Glycopeptides are a group of antibiotics with bactericidal activity against aerobic and anaerobic Gram-positive bacteria. They are used in severe infections caused by multiresistant gram-positive cocci, including MRSA, enterococci, and penicillin-resistant pneumococci. One of the drugs in this group is vancomycin, an antibiotic of reserve.
Vancomycin, glycopeptide, tricyclic glycopeptide, antibiotic.
High performance liquid chromatography with tandem mass spectrometry.
µg/mL (micrograms per milliliter).
What biomaterial can be used for research?
How to properly prepare for an examination?
- Children under 1 year of age do not eat for 30-40 minutes before the test.
- Do not eat for 2-3 hours before the study, you can drink pure non-carbonated water.
- Do not smoke for 30 minutes before the test.
Vancomycin has traditionally been used as a first-line treatment for methicillin-resistant Staphylococcus aureus (MRSA) and infection with other gram-positive beta-lactam bacteria, which are a common etiology of severe infections. Vancomycin has been available for clinical use for a long time, but soon after its discovery it was abandoned in favor of other antibiotics that were considered more effective and less toxic. The emergence of pseudomembranous enterocolitis, combined with the spread of methicillin-resistant Staphylococcus aureus, has led to a resurgence in the use of vancomycin.
Vancomycin inhibits the biosynthesis of peptidoglycan in the cell walls of proliferating Gram-positive bacteria and, to a lesser extent, inhibits the synthesis of cytoplasmic RNA. It has a bactericidal effect, that is, it contributes to the destruction of a pathogenic microorganism. Measurement of serum vancomycin concentration can help prevent toxicity and ensure adequate therapeutic concentrations of the drug.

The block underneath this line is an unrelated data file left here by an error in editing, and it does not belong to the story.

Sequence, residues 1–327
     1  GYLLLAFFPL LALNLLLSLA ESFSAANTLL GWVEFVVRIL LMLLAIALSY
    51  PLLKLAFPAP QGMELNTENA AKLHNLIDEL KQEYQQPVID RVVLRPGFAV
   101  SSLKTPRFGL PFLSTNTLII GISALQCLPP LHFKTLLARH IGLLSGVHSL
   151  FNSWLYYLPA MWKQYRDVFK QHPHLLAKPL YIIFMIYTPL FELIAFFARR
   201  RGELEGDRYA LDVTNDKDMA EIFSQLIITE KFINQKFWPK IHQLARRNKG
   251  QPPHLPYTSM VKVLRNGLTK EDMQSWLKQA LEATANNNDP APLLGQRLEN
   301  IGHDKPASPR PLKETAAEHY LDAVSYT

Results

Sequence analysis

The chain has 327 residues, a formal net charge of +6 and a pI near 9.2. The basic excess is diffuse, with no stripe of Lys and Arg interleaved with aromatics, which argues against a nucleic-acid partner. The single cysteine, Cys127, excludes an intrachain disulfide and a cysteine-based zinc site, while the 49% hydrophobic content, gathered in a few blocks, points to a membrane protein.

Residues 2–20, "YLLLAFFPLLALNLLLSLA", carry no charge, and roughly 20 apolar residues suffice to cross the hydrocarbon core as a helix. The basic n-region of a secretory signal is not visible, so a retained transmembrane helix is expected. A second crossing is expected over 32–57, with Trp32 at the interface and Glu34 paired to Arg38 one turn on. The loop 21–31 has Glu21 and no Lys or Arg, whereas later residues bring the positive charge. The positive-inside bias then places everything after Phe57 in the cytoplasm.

What is research used for?
- To determine the concentration of the drug in the blood.
- For the selection of an individual dosage of the drug.
- To optimize treatment control by dose adjustment.
- For evaluation of drug interactions.
- For the diagnosis of overdose.
- To detect violations of the drug regimen.
- To prevent the toxic effects of the drug.
When is the examination scheduled?
- When vancomycin is prescribed to treat infections susceptible to this drug.
- If necessary, determine the concentration of the drug and monitor its fluctuations in the blood.
- When the effectiveness of the drug used is insufficient and the issue of dose adjustment is decided.
- When changing the dosage and dosage form of the drug.
- If drug overdose is suspected.
What do the results mean?
Reference values: 10 – 40 µg/ml.
Therapeutic concentration is 10-40 µg/ml. The results of the study are evaluated by the attending physician, taking into account the dose of vancomycin, the regimen of its administration, the age of the patient, comorbidities and individual tolerability of the drug.
What can influence the result?
Serum concentrations of vancomycin may vary in patients with renal insufficiency, in patients over 60 years of age.
- Plasma concentrations of vancomycin should be monitored when used in neonates.
- When used in elderly patients, it is necessary to control the concentration of vancomycin in the blood plasma.
- During treatment, patients with kidney disease and / or damage to the VIII pair of cranial nerves should be monitored for kidney function, hearing.
Who orders the examination?
Therapist, clinical pharmacologist, gastroenterologist, surgeon, pulmonologist, cardiologist.
- Álvarez R, López Cortés LE, Molina J, Cisneros JM, Pachón J. Optimizing the Clinical Use of Vancomycin. Antimicrobial Agents Chemother. 2016 Apr 22;60(5):2601-9. doi: 10.1128/AAC.03147-14. PMID: 26856841; PMCID: PMC4862470.
- Donald P. Levine, Vancomycin: A History, Clinical Infectious Diseases, Volume 42, Issue Supplement_1, January 2006, Pages S5 – S12, https://doi.